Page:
My CAS Goals
I think the main goal of CAS is achieving balance in the midst of hectic IB. CAS- creative, activity and service- acts as a personal well-being check, to ensure that you don’t drown under the weight of 6 academic subjects. In many ways, I am so grateful for CAS, forcing me to commit to skills that will be beneficial outside of the classroom. There are so many people who regret not learning piano or joining their football team during secondary school, but CAS doesn’t leave room for regrets as such. I think this is what makes IB so special: alongside containing a considerably difficult academic course, it also requires exterior interests. Balance is an ability that is incredibly difficult to attain, but comes naturally to an IB pupil. It is our speciality, in fact.
This year I hope to be a leading figure in MUN. I am no longer a novice so I’d like to be even more proactive than before. In the past, my main mistake was lack of research, a critical mistake, however this can be fixed. Time management has always seemed to get the better of me, but this year I am adamant to change that. A lack in organisational skills will not be the death of me!
In my opinion, it is so important to know about the world around you and witness present humanity. Even though the Rohingya crisis or the fight for Catalonian independence may not have a direct impact on your personal life, it is vital knowledge to expand your mindset. We only see and hear what is around us, inherently limiting our world view and opinions. Being in contact with the globe allows us to put our lives in perspective, something we all need but may not necessarily want: ignorance is bliss.
This is why I’m so passionate about MUN, reenacting global issues in our small community, and educating ourselves on the lives of others, around the world.
I have taken on the role of secretary in an intimate and exclusive Student Government Association. As a new student, it was quite bold to propose myself for, and I was pretty nervous, to say the least. Nonetheless, I plan on exercising this position to the very maximum, aiming to benefit the school as much as possible. I have already constructed ideas and mechanisms that I would like to pioneer this year. All this talk, however, is pointless without organisational skills. This is going to serve as quite a challenge, especially for me, but I’d like to tackle it, and run.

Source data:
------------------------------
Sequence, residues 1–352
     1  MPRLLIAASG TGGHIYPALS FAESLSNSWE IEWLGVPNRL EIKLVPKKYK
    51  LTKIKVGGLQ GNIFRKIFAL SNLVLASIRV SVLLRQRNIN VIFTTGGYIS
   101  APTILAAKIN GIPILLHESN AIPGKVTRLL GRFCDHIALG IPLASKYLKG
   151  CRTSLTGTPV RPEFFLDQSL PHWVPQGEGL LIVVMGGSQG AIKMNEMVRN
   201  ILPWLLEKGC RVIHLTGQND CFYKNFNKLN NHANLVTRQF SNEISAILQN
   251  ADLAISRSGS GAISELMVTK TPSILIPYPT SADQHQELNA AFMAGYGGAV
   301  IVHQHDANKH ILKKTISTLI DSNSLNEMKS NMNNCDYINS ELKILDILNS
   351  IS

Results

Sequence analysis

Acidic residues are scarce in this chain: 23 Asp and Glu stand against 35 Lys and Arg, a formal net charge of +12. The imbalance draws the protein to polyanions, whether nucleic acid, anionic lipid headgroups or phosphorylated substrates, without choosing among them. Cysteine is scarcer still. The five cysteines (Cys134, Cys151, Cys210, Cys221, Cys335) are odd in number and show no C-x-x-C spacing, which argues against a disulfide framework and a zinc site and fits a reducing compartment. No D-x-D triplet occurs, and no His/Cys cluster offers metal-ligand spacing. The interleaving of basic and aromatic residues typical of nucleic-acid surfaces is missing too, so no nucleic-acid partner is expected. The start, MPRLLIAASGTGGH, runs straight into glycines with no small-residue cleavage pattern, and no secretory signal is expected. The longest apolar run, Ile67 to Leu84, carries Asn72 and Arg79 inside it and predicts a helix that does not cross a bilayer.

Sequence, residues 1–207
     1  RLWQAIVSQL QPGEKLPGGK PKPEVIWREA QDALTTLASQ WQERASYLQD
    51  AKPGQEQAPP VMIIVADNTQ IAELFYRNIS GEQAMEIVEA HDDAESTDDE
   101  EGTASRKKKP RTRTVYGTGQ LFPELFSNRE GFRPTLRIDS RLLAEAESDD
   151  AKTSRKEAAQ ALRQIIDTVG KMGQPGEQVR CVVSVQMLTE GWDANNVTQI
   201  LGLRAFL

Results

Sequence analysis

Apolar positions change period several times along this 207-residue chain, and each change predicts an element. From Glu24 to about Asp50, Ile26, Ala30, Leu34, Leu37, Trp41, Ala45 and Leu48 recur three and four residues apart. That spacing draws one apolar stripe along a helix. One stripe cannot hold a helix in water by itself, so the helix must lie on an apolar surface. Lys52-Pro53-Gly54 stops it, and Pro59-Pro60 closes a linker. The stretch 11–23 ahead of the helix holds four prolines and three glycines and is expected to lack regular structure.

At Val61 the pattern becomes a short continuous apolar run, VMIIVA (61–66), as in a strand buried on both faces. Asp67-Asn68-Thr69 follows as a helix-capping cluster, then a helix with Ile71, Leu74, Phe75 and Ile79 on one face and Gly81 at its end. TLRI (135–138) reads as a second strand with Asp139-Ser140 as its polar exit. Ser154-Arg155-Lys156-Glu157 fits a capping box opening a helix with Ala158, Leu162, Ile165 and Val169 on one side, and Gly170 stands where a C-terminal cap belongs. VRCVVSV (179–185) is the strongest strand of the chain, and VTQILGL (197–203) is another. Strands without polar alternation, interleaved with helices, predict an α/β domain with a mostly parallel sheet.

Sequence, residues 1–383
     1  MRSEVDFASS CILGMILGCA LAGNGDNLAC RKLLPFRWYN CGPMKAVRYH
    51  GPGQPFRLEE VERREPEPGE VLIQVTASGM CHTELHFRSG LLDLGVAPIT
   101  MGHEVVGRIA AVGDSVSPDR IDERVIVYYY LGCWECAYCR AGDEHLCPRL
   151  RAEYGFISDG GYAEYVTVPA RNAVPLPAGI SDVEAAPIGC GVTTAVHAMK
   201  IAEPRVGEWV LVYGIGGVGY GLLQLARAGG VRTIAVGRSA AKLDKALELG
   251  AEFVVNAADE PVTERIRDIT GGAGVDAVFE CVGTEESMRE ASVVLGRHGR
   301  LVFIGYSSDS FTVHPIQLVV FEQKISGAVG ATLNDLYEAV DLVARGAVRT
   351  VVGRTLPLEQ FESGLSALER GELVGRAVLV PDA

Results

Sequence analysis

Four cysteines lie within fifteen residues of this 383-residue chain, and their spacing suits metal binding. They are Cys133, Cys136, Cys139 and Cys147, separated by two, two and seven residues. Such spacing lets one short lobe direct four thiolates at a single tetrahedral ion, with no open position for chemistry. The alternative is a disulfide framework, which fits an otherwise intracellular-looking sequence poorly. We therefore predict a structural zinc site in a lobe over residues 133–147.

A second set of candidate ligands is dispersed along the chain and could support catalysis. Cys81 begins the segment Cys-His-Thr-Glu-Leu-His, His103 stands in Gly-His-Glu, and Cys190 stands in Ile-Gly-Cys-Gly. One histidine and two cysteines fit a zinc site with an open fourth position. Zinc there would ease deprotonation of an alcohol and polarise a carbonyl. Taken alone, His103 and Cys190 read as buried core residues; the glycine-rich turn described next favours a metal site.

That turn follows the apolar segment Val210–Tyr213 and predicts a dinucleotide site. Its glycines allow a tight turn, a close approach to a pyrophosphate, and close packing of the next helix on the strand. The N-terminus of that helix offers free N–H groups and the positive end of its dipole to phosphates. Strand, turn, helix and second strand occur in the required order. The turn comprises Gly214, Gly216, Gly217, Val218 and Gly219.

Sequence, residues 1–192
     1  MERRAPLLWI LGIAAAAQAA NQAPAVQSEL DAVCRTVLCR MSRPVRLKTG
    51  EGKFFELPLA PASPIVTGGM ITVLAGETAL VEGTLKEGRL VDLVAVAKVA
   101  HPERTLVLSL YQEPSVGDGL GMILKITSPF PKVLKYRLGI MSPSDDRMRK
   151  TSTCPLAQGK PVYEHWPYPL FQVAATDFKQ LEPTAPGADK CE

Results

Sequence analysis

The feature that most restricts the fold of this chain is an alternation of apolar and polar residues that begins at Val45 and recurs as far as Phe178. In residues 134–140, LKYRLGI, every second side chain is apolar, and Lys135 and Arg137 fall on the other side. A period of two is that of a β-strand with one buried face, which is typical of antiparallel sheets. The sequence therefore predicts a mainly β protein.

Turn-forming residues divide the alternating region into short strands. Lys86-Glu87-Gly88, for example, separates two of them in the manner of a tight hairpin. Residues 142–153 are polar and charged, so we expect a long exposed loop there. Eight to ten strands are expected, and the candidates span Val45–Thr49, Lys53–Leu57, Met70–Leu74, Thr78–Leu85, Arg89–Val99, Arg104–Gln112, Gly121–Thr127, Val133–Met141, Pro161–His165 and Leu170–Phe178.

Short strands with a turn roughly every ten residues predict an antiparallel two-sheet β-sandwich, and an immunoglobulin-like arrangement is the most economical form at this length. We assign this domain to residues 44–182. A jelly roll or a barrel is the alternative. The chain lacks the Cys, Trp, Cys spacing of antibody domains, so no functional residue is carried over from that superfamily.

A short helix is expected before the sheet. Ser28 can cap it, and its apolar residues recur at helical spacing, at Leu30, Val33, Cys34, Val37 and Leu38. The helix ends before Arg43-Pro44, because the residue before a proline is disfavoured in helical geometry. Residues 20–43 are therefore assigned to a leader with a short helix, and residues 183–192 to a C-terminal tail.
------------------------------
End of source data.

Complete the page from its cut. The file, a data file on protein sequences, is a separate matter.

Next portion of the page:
I have learnt Spanish and Chinese casually for some time, fostering an interest (obsession) with foreign TV shows. I’ve personally developed these languages as a pastime, and they’ve grown to an intermediate level of understanding, especially Spanish. I’d love to formalise this linguistic hobby, and even prepare myself for a language proficiency exam outside of school, such as the DELE certificate. I’ve always found it easier than most in absorbing languages, my grandmother even nicknaming me “Zabaan” which is the Gujurati expression for tongue, or more accurately as understanding of words. My national and ethnic identity getting lost in the folds of the many countries I’ve lived in have subconsciously induced a willingness to assimilate into any culture and language I’m surrounded by; the benefits of being a third culture kid.